Documentary History of American Water-works

Introduction Historical Background Chronology Geography Biography Technology Ownership and Financing General Bibliography
North Central States
Indiana Lafayette

Lafayette, Indiana

Lafayette was incorporated as a city in 1853.

The city built water works that was tested on May 16, 1876 using steam-powered Clapp & Jones pumps to force water into an elevated reservoir.  A standpipe was used to increase pressure for the higher elevations of the city.

Water is supplied by the city of Lafayette.


References
1876 "Aqueous," The Fort Wayne Sentinel, March 17, 1876, Page 1.
The Water Works Test Yesterday - Witnessed by a Large Crowd of Citizens and Visitors - The Water Works a Big Thing, Indeed a Perfect Success

1882 Lafayette, from Engineering News 9:107 (April 1, 1882)

1882 Lafayette, from "The Water-Supply of Certain Cities and Towns of the United States," by Walter G. Elliot, C. E., Ph. D.

1885 Sanborn Fire Insurance Map from Lafayette, Tippecanoe County, Indiana. July, 1885
Sheet 13:  Lafayette Water Works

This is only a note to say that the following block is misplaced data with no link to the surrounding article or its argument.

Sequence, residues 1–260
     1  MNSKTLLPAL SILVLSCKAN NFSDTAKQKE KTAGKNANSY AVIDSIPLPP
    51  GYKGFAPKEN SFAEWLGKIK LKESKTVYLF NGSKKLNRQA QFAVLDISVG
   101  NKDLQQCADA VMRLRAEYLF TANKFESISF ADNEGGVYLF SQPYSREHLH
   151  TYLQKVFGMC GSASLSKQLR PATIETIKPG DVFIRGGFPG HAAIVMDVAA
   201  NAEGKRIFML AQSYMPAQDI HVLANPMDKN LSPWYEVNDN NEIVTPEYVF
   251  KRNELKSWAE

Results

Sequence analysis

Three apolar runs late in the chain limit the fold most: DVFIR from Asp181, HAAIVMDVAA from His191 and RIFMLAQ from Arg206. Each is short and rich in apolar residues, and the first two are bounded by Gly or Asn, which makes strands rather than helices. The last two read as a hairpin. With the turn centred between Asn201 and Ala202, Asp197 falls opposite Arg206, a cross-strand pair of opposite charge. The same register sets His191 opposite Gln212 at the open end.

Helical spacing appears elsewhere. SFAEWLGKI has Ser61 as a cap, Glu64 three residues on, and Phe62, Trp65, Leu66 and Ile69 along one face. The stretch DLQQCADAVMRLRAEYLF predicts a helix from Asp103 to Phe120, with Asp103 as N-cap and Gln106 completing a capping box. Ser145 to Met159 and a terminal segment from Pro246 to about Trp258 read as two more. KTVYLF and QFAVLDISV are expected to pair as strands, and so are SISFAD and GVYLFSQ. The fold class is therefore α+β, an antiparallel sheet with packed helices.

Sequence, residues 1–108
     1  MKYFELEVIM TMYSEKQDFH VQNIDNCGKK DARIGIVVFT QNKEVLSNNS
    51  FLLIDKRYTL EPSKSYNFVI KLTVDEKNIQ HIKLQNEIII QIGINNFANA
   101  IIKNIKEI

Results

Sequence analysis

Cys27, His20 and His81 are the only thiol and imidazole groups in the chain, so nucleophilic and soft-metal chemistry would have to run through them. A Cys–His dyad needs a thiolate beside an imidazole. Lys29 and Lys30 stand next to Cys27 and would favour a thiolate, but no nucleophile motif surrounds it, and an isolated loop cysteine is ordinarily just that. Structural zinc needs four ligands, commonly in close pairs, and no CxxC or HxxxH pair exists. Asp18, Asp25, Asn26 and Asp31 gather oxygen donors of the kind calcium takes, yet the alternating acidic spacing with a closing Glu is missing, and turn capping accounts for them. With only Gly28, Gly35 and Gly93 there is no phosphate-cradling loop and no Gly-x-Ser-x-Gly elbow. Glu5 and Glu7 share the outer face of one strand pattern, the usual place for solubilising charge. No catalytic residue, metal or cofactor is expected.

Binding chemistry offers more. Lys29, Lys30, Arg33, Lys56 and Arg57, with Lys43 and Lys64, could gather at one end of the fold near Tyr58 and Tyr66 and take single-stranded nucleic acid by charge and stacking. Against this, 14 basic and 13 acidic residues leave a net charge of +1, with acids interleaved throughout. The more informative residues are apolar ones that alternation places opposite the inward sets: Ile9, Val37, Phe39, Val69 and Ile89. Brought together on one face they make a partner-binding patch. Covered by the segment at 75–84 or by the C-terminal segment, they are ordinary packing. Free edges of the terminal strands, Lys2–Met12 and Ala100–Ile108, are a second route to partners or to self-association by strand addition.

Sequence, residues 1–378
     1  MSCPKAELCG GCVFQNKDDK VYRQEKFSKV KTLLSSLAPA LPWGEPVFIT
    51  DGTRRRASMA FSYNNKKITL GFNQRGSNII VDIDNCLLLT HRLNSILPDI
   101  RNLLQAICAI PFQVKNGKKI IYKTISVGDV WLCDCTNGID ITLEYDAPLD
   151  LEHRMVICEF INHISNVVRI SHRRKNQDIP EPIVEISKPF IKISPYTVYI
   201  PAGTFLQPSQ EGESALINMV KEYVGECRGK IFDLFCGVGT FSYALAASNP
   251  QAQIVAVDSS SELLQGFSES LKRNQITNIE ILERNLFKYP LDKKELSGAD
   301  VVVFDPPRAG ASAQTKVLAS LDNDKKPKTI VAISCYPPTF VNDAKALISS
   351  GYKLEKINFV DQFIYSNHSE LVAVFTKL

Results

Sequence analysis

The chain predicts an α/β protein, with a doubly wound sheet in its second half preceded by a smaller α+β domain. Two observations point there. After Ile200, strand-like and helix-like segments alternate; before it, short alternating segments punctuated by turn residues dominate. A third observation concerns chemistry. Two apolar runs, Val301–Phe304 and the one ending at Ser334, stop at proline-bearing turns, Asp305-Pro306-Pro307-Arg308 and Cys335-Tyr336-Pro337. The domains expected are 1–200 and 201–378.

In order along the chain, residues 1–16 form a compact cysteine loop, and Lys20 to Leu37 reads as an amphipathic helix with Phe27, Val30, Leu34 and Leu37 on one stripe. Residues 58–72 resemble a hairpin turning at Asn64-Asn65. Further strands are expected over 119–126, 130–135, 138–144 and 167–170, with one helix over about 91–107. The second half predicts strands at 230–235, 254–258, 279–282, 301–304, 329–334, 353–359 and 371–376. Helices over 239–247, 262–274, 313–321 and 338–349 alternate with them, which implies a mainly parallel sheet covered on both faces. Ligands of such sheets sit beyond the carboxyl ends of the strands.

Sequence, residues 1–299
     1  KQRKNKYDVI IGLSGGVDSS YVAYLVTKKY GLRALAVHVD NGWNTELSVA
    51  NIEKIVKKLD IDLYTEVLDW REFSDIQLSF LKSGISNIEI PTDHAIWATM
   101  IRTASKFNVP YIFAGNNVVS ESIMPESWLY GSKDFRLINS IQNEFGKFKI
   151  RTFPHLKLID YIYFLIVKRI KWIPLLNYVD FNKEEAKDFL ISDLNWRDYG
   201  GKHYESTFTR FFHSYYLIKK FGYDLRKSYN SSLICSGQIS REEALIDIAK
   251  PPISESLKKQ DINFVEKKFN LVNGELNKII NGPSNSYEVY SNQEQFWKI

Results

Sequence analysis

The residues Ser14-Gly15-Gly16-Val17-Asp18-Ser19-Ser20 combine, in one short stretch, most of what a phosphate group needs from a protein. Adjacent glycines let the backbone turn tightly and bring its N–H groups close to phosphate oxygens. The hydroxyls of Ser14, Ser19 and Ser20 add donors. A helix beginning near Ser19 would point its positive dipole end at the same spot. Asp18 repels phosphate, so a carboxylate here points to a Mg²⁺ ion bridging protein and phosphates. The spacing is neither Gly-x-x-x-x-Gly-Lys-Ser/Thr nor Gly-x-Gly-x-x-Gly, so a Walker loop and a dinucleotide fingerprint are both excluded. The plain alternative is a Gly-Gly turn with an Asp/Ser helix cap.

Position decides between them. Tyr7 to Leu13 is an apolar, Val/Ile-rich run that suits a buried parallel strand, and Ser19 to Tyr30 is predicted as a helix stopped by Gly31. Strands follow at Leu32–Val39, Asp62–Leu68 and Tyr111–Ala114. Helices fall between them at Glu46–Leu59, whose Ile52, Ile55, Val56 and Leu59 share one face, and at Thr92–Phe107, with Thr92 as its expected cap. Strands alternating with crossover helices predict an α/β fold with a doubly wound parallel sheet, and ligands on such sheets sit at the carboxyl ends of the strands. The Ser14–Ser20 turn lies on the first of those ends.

Sheet 16:  Waterworks

1888 "Lafayette," from Manual of American Water Works, Volume 1.

1890 "Lafayette," from Manual of American Water Works, Volume 2.

1891 "Lafayette," from Manual of American Water Works, Volume 3.

1892  Sanborn Fire Insurance Map from Lafayette, Tippecanoe County, Indiana. June, 1892
Sheet 1:  Water Facilities
Sheet 15:  Lafayette Water Works

1897 "Lafayette Water Works," Fire and Water Engineering, 22(10):317 (September 4, 1897)

1897 "Lafayette," from Manual of American Water Works, Volume 4.

1899 Sanborn Fire Insurance Map from Lafayette, Tippecanoe County, Indiana. February, 1899
Sheet 1:  Water Facilities
Sheet 2:  Lafayette Water Works

1900 "Lafayette and its Water System," Fire and Water Engineering 28(9):74 (September 1, 1900)

1901 "Lafayette and its Water Supply," Fire and Water Engineering 30(22) (November 30, 1901)

1909 Past and present of Tippecanoe County, Indiana, by Richard P. DeHart
Page 379:  The water works plant is located directly on the bank of the Wabash river, where the supply of water comes from three six-inch wells which go to a pure water the finest in the state and is pumped to the highest elevation of the grounds (one hundred and eighty-five feet) to the capacity of one million gallons daily, and then to a large tank almost a hundred feet high, making the total distance from the Wabash about three hundred feet.


2019 Morris A. Pierce